Disaster Psychology

Weeks ago, Hurricane Harvey devastated Houston and East Texas. Today, Hurricane Irma marches up the Florida coast after wreaking havoc in the Caribbean.  When the storm passes, media attention will soon shift to recovery efforts.  First responders will undertake search and rescue operations.  More slowly, infrastructure—including housing, transportation needs, and communications—will be rebuilt.  But for many people, recovery requires more than just material needs.  Rebuilding is not possible without attending to the psychosocial needs of disaster-affected individuals, families, and communities.

Hurricane Irma; NASA

Disasters have an enormous impact on mental health and psychosocial well-being. Velasquez et al, writing in the APA Handbook of Community Psychology, explain how the alteration of life plans, weakening of social networks, loss of social support, and fragmentation of relationships between individuals and larger institutions combine with the fear and anxiety produced by the disaster itself to cause significant strain on mental health.  The toll can be especially heavy for those already living in poverty.  Patricia Watson and Jessica Hamblen, in the APA Handbook of Trauma Psychology, emphasize that disasters and disaster recovery cannot be understood in isolation from preexisting living conditions such as absence of information, lack of adequate risk management, inequality, and weak institutions and social organization.  As a prominent NIH study showed, the impact and aftermath of Hurricane Katrina in 2005 caused the incidence of serious mental illness to double, and nearly half of the subjects—all of whom were low-income parents of young children—exhibited symptoms of probable PTSD.

Although vulnerable people have a wide range of cognitive, emotional, and social capacities to cope with and recover from disaster, mental health remains a critically important but widely under-recognized aspect of disaster recovery. Fortunately, attention is increasing, thanks in part to the emergence of the field of disaster psychology.  According to the APA Dictionary of Psychology, disaster psychology is a specialized domain of training, research, and service provision applied to individuals, communities, and nations exposed to a disaster. A key aim of practitioners in this area is to reduce initial distress, and foster short and long-term adaptive functioning following a disaster.  Public awareness is growing, too, thanks to the efforts of journalists, as well as organizations like Kaiser Permanente, which recently donated $500,000 to Mental Health America of Greater Houston, which helps provide mental health and emotional support to victims of Hurricane Harvey in east Texas.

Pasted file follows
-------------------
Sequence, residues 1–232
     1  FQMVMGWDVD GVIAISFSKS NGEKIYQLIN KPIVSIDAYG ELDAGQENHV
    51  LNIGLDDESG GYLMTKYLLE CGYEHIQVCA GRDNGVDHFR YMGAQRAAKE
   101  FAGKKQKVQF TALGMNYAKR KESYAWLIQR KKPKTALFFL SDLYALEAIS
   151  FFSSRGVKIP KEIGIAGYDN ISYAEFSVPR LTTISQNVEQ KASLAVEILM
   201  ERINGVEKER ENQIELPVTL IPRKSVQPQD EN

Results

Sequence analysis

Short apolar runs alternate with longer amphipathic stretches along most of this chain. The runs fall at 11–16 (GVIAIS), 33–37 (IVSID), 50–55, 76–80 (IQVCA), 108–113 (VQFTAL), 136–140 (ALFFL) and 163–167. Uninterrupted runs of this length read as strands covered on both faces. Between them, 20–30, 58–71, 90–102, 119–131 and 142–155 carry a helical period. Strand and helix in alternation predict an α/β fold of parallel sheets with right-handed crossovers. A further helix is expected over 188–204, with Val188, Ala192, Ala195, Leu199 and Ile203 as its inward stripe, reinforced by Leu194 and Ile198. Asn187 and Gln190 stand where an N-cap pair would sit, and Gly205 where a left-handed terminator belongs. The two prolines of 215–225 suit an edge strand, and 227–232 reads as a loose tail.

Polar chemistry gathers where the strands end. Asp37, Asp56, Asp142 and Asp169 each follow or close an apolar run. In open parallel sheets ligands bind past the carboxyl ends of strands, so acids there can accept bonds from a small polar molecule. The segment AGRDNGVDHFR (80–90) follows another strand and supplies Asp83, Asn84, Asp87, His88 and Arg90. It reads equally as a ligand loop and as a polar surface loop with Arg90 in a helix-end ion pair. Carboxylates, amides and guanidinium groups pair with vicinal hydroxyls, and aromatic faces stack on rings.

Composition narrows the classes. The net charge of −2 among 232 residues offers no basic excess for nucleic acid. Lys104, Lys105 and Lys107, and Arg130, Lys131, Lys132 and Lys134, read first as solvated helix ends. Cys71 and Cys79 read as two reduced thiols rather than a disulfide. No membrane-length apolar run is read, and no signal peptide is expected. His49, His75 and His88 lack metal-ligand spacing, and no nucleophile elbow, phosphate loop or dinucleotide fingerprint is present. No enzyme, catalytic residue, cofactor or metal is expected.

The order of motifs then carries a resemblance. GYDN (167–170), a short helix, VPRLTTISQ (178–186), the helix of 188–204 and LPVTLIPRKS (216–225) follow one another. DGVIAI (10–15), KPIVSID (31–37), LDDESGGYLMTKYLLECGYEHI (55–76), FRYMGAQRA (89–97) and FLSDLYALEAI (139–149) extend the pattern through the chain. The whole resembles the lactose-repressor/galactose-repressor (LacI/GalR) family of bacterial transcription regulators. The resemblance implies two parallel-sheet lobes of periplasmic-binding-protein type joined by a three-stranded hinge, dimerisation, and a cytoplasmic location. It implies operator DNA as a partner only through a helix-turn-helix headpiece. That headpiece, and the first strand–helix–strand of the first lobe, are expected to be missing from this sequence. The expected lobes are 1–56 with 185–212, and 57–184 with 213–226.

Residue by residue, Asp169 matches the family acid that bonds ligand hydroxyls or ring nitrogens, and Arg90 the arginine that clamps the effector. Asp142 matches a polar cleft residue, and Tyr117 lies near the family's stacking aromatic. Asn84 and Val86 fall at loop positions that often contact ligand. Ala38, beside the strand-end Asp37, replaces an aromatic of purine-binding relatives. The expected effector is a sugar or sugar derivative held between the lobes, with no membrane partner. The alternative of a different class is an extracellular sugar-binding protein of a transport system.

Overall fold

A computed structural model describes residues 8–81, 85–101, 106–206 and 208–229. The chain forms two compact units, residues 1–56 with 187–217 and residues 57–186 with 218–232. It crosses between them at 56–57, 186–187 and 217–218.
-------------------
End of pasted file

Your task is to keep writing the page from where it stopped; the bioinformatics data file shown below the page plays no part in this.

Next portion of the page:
Individuals can help as well. Mental health professionals can volunteer now with the Red Cross to help individuals in affected areas.  To donate to MHA of Greater Houston, click here.  Florida mental health organizations will be very active post-Irma; local MHA chapters and many other relief organizations will need resources in the weeks and months ahead, as the millions affected by these disasters begin the long road to recovery.



Vandenbos, G. R. (Ed.). (2015). APA dictionary of psychology (2nd ed.).  Washington, DC: American Psychological Association.

Velasquez, T., Rivera-Holguin, M., and Morote, R. In M.A. Bond, I. Serrano-Garcia, & C.B. Keys (Eds-in-Chief), Shinn, M. (Assoc. Ed.). (2017). APA handbook of community psychology (Vol. 2). Washington, DC: American Psychological Association.

Watson, P. & Hamblen, J. (2017). Assisting individuals and communities after natural disasters and community traumas. In S.N. Gold (Ed.-in-Chief). (2017). APA handbook of trauma psychology (Vol. 1).  Washington, DC: American Psychological Association.



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